Who invented social dance?

Social — Firebeat Ballroom
According to a website run by David C. Hanks, the inventor of the Hanes “Livin’ La Vida Low Drag Dancing Shoes” (LOLDRD), the answer to that question is no.

Hanks is a partner in the company whose logo was also the inspiration for the logo and colors of that company.

The name of LOLDRD was given to it because it began in New York and later expanded to include a network in Los Angeles and an outfit in San Francisco, Hanks said.

Hanks said the name came together after he realized it sounded like “a word used in New York social dancing, which would fit right in.”

But while dancing and social dancing aren’t the same thing, it is generally believed that the words were used interchangeably in the 1970s or ’80s, Hanks said. By the 1990s, the words had become interchangeable, with more slang coming to light, Hanks said. In that way, LOLDRD might have started with a term that was taken in an old dance, and had a name that was an amalgamation of the words involved, he said.

A word to use for social dancing, Hanks said.

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The European Commission has launched a formal investigation. It is based on a complaint about the way Mr. Sarkozy’s office has spent €2.5 million on consultants who also work for firms that help companies set up in Switzerland.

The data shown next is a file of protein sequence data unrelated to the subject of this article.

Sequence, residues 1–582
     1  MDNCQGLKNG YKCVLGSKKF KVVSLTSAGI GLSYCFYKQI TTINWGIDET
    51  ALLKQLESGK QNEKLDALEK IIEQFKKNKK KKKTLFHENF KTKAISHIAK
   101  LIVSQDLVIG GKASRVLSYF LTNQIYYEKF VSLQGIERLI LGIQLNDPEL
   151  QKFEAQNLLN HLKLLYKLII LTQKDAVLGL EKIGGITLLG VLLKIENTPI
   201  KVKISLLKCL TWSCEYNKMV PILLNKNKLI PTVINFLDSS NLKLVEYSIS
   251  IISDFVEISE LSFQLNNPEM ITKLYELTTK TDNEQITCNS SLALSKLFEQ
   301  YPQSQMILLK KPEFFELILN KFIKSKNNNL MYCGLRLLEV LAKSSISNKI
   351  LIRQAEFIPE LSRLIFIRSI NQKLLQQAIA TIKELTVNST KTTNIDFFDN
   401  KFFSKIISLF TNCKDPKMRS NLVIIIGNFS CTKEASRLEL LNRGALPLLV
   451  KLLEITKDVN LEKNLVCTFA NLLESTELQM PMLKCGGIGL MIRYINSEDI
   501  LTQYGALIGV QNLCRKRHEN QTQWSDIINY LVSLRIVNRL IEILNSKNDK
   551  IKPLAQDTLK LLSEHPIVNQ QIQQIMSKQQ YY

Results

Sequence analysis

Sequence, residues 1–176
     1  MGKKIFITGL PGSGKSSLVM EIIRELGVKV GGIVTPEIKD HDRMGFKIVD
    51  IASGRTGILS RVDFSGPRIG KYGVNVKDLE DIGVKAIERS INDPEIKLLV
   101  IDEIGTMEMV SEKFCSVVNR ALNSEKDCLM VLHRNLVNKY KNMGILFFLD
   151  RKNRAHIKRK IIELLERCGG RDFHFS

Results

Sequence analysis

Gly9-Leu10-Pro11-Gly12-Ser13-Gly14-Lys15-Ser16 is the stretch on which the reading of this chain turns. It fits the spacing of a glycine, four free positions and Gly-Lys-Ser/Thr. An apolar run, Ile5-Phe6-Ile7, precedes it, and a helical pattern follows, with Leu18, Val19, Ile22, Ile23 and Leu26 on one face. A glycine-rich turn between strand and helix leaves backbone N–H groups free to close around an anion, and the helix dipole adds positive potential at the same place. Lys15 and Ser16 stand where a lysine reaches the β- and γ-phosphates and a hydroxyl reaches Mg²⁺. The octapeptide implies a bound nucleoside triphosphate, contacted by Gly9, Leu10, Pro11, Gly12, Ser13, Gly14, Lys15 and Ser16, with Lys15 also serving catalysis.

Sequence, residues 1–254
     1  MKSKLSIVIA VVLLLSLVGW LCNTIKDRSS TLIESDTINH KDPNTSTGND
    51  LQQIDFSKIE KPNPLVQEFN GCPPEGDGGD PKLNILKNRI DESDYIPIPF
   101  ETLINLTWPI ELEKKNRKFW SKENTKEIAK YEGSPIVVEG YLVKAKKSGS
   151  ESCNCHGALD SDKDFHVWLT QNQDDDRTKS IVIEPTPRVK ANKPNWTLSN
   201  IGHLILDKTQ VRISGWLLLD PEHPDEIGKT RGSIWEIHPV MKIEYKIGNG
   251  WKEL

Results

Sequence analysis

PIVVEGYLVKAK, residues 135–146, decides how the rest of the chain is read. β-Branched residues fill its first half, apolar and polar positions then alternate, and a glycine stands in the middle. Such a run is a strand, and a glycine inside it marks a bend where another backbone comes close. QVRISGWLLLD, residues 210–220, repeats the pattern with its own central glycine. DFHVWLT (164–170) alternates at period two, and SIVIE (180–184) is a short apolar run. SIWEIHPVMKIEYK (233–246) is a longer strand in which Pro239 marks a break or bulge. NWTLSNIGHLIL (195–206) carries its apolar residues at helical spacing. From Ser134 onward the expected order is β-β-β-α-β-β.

Mr. Sarkozy’s office paid consultant Thomas Faucher €200,000 between July 2010 and March 2011. The money was paid directly, although in May 2010 Mr. Faucher agreed to pay €1,000 to help with a new job he had received. He had previously done work on tax arrangements for his father-in-law, and in 2008 he had worked for a Swiss tax-services firm, Fon Group.

Mr. Faucher told the commission that he had agreed to work for Mr. Sarkozy’s presidential campaign and his 2012 reelection campaign. It was in this role, he said, that he had consulted on tax arrangements in order to help his mother-in-law, whom he said had lived in Switzerland since 2007.

The commission is also examining whether Mr. Sarkozy’s campaign helped Mr. Faucher with his new work on tax arrangements for his father-in-law’s Swiss company,